Background: The plasticizer di-ethylhexyl-phthalate (DEHP) is extracted especially by lipid emulsions from polyvinylchloride infusion systems. The aim of this study was to systematically examine the extraction from perfusion lines commonly used in our hospital for lipid emulsion infusions.
Methods: Perfusion lines made from polyvinylchloride of various lengths and brands, polyethylene, polyvinylchloride/polyethylene (PVC/PE) and polyvinylchloride/polyurethane (PVC/PU), were perfused with lipid emulsions according to the circumstances of newborns on an intensive care unit, i.e. high temperature, 24-hour duration and low quantities. Concentration of di-ethylhexyl-phthalate was determined with gas chromatograph mass spectrometry.
Results: The lipid emulsions before perfusion had a contamination with DEHP of 0.82 microg/ml. Pure PVC lines of 1.5 m length leached between 74 microg/ml and 107 microg/ml. Sterilization of the lines did not influence DEHP extraction. After perfusion of DEHP-free PVC lines and PVC-free lines, the emulsions had a contamination with DEHP of 0.23 microg/ml and 0.11 microg/ml, respectively. PVC/PU co-extruded lines leached 73 microg/ml. PVC/PE lines leached 41.6 microg/ml.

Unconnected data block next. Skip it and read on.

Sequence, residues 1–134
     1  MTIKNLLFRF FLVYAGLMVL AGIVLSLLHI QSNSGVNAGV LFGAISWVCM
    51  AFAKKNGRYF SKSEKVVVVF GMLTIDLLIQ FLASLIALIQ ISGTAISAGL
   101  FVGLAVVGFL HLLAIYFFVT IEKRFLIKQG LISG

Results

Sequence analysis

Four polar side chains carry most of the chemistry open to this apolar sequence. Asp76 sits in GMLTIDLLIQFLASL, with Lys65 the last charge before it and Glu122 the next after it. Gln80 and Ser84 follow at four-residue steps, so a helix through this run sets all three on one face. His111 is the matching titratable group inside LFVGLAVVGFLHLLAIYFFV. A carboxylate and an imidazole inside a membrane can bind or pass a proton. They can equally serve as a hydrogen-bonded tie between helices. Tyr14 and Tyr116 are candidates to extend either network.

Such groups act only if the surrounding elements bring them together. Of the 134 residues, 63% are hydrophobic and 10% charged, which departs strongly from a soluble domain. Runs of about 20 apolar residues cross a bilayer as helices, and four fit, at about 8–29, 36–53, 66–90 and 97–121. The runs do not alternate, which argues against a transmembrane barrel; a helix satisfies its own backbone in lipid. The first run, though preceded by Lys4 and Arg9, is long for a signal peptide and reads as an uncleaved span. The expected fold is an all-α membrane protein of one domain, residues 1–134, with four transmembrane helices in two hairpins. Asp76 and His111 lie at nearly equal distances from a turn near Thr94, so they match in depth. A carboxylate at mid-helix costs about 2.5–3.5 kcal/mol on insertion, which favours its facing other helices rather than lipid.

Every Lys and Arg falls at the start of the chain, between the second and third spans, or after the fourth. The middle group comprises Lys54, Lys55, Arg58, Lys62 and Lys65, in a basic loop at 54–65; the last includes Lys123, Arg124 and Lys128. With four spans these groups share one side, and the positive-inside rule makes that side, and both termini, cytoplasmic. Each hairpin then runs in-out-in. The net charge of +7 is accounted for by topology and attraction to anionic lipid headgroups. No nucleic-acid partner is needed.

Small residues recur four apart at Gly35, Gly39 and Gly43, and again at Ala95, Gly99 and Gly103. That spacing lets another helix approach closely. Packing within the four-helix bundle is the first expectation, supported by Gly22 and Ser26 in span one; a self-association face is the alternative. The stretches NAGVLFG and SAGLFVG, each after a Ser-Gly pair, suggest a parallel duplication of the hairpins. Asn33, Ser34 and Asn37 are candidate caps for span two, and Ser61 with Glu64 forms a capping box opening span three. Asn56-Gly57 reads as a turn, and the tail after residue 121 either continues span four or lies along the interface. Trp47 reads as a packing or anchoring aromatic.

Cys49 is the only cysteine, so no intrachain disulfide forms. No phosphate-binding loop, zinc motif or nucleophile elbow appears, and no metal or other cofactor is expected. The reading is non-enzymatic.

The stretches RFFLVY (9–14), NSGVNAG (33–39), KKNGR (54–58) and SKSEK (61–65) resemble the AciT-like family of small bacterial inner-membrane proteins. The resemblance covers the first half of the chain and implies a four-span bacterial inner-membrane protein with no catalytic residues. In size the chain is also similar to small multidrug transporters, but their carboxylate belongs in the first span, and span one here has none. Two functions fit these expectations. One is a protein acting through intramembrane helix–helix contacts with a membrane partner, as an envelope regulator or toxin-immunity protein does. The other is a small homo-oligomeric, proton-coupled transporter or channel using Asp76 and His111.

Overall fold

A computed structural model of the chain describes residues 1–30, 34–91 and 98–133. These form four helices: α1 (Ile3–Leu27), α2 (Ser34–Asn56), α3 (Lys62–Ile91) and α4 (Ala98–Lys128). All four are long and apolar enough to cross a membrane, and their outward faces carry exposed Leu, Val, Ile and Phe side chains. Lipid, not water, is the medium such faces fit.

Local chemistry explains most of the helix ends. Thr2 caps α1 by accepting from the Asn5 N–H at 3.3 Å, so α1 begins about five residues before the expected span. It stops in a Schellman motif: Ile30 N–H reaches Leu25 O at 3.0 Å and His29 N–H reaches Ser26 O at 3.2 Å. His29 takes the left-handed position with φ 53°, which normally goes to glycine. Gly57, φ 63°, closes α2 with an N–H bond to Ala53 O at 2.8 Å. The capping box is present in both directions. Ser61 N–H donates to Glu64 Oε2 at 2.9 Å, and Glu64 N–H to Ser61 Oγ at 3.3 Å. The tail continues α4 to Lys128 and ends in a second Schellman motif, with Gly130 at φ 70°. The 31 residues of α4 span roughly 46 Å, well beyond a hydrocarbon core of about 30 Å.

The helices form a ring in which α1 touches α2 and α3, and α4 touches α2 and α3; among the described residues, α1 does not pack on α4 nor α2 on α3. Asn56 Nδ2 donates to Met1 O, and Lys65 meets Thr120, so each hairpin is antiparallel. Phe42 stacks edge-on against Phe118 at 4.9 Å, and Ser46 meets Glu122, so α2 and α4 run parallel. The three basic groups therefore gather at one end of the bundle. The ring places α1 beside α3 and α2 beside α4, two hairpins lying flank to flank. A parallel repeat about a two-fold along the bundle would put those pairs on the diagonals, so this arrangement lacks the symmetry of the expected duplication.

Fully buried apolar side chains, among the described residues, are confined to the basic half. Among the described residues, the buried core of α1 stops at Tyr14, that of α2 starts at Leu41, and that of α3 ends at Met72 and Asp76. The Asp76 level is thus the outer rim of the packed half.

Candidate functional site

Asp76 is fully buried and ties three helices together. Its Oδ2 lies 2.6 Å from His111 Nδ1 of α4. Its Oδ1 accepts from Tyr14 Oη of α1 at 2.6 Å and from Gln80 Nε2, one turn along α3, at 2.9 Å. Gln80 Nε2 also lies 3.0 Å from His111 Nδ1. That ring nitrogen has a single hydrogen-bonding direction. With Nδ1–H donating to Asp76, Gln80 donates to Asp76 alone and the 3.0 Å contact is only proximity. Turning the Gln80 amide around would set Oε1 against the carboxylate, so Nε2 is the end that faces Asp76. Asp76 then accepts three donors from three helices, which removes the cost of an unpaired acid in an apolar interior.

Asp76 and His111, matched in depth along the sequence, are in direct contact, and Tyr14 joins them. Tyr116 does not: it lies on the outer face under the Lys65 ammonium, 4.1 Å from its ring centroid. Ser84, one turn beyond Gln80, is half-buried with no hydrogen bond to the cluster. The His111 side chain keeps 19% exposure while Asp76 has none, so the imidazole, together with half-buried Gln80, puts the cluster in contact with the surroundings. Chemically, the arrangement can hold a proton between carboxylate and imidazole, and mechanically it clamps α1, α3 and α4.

Conclusions: Lipid emulsions contain a production-inherent load of DEHP. Perfusion through PVC-perfusion lines extracts a varying large amount of DEHP depending on length and brand of the perfusion lines. Co-extruded PVC/PU and PVC/PE lines, intended to avoid DEHP contamination, leach a similar amount of DEHP and thus do not avoid the DEHP toxicity issue. The load accumulated by a baby on an intensive care unit easily reaches several milligrams of DEHP per day. As its effect upon biologic systems has been proven, and alternatives (PE or PU perfusion lines) are available, PVC and PVC co-extruded perfusion lines should be abandoned for infusions, especially in babies.